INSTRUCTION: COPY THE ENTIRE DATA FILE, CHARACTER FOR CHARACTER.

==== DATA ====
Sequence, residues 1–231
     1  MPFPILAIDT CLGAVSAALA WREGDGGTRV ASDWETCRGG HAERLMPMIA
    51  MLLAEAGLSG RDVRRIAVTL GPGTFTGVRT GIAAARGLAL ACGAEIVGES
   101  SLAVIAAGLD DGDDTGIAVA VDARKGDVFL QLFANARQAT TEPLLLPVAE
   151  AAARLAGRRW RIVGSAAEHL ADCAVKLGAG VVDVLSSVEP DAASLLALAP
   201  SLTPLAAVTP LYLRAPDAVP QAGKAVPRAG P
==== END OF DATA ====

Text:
Sequence, residues 1–231
     1  MPFPILAIDT CLGAVSAALA WREGDGGTRV ASDWETCRGG HAERLMPMIA
    51  MLLAEAGLSG RDVRRIAVTL GPGTFTGVRT GIAAARGLAL ACGAEIVGES
   101  SLAVIAAGLD DGDDTGIAVA VDARKGDVFL QLFANARQAT TEPLLLPVAE
   151  AAARLAGRRW RIVGSAAEHL ADCAVKLGAG VVDVLSSVEP DAASLLALAP
   201  SLTPLAAVTP LYLRAPDAVP QAGKAVPRAG P